Cherry Crush (The Chocolate Box Girls) ISBN: 9780141384795
Published by Puffin Books, 2010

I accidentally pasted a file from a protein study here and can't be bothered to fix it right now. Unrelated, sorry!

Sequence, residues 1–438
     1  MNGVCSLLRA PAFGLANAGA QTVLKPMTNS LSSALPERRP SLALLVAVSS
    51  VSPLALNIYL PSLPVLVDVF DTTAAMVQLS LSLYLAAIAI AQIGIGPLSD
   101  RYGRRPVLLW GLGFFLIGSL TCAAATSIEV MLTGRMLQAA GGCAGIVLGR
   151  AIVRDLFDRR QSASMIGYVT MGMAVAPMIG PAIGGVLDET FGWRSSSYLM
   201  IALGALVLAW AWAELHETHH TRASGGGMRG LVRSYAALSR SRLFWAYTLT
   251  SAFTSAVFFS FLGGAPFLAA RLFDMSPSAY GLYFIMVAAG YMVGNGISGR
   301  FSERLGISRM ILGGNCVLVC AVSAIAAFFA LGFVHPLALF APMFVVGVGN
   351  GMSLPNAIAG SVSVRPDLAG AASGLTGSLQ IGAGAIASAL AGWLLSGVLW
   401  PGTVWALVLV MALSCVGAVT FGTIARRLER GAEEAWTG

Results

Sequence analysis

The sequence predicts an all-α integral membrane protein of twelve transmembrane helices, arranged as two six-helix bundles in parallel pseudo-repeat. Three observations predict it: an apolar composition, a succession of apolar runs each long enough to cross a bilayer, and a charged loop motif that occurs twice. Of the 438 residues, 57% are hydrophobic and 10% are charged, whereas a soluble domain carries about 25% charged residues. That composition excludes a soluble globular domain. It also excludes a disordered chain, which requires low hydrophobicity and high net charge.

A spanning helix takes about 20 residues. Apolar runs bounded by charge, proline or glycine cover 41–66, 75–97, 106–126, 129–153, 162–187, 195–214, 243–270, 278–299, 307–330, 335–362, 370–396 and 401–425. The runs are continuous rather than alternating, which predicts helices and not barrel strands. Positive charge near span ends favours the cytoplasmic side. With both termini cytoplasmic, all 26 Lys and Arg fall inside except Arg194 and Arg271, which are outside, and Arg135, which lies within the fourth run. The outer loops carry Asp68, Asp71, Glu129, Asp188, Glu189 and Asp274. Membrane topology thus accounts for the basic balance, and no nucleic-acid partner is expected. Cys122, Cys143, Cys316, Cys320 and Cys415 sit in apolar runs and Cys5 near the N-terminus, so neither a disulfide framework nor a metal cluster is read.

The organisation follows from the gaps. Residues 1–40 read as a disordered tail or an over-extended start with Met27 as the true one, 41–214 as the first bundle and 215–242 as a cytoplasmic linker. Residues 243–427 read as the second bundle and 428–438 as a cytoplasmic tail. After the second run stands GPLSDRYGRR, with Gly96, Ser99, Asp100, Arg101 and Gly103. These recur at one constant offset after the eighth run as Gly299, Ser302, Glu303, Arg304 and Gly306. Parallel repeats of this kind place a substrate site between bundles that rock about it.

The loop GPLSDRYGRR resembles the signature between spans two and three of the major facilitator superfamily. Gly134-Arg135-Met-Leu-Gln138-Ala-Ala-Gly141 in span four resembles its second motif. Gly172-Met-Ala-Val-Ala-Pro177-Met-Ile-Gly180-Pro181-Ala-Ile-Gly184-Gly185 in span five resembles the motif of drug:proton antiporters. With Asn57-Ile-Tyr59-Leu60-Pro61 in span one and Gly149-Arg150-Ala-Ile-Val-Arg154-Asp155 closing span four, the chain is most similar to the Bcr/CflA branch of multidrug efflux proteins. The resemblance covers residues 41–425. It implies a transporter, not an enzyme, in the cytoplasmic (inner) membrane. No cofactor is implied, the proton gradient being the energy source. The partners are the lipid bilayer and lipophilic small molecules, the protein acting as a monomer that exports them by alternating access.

This is the first in a series of five books about girls in a step family. Each book centres on one of the girls, and in this one we meet Cherry Costello, half Japanese and half Scottish, who lives with her father in a flat in Glasgow. She and her dad are very close, but Cherry finds school difficult because of bullying and because she tells tall stories - actually they are lies. Her English teacher says she has an 'active imagination' but her school mates are not fooled, and and know she is telling porkies about her missing Japanese mum and her dad's importance. When dad meets Charlotte Tanberry on an internet site and they begin to get serious, Cherry is pleased for dad, but very anxious about Charlotte's four daughters. When dad announces that he wants them to move to Devon to help with Charlotte's B & B business and to start up a new chocolate shop, Cherry is very nervous she won't fit in as she never has before. They are greeted happily by the whole family except for Honey, the oldest girl, who is 14 and very 'into' boys, particularly local, good-looking Shay. From this point, the book becomes a love story, with Cherry, who is 13, and Shay becoming more and more interested in each other. Honey, who is fixated on her parents getting back together, which isn't going to happen, becomes actively hostile to Cherry and her father, and plans to go to London to live with her dad. She is also extremely jealous of Cherry and Shay's growing interest in each other. The three younger girls are Skye and Summer, twins, a year younger than Cherry, and Coco, a tomboy, who is younger still. All three are welcoming and if it weren't for Honey's problems, all would be well. Cherry, though continues her tall tales, and while the three younger girls understand that she is imagining it all, Honey turns nasty. Cherry is all too aware that she shouldn't be too friendly with Shay, but she also realises that he is not as interested in Honey as she would like to believe. There is lots of detail about family life and all the readjustments and the start-up of the chocolate business, but when the girls' father announces he is going to live in Australia, Honey goes quite wild, and by the end of the story, we know two things - first that Cherry and Shay are seriously interested in each other, and secondly, that Honey may be becoming slightly deranged. This is the aspect of the book that will have girls coming back for the rest of the series. It is a page-turner, a good read, and, yes, chick lit, but the relationships and the problems are well constructed and very interesting. and for girls in step-families, there will be much that is recognisable.